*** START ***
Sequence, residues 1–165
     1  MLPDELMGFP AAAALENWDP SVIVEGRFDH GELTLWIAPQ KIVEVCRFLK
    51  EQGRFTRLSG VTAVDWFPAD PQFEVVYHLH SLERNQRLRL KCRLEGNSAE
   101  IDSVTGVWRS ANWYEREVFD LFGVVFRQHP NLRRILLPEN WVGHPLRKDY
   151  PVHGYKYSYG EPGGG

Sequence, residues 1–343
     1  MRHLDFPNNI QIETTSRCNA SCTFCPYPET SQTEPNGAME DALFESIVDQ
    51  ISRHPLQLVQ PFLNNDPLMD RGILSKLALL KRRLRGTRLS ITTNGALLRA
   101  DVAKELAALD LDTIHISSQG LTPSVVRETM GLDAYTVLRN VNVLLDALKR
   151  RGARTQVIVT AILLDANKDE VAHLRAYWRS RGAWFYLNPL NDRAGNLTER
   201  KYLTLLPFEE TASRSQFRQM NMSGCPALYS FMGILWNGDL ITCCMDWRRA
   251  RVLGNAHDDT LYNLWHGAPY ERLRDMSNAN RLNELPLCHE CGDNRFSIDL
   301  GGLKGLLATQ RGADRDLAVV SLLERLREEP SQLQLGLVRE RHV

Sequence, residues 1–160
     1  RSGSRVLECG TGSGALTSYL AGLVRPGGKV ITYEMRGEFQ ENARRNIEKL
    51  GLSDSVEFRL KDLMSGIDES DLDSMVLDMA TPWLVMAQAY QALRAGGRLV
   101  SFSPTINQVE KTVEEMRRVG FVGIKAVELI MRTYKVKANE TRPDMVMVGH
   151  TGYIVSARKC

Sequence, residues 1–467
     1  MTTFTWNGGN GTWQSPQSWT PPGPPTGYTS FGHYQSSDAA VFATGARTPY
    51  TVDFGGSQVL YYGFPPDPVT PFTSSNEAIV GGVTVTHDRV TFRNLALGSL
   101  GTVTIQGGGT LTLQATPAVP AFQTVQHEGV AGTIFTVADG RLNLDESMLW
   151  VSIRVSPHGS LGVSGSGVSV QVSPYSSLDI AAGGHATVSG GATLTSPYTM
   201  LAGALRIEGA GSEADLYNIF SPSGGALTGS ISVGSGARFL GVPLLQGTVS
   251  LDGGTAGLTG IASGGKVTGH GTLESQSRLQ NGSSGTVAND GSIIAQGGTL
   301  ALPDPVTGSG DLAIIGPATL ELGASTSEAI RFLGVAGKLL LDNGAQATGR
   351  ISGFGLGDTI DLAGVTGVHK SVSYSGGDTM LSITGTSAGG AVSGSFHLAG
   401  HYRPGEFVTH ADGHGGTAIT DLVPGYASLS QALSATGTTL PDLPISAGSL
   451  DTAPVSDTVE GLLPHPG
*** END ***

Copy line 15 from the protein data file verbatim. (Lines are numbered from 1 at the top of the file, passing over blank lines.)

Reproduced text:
     1  RSGSRVLECG TGSGALTSYL AGLVRPGGKV ITYEMRGEFQ ENARRNIEKL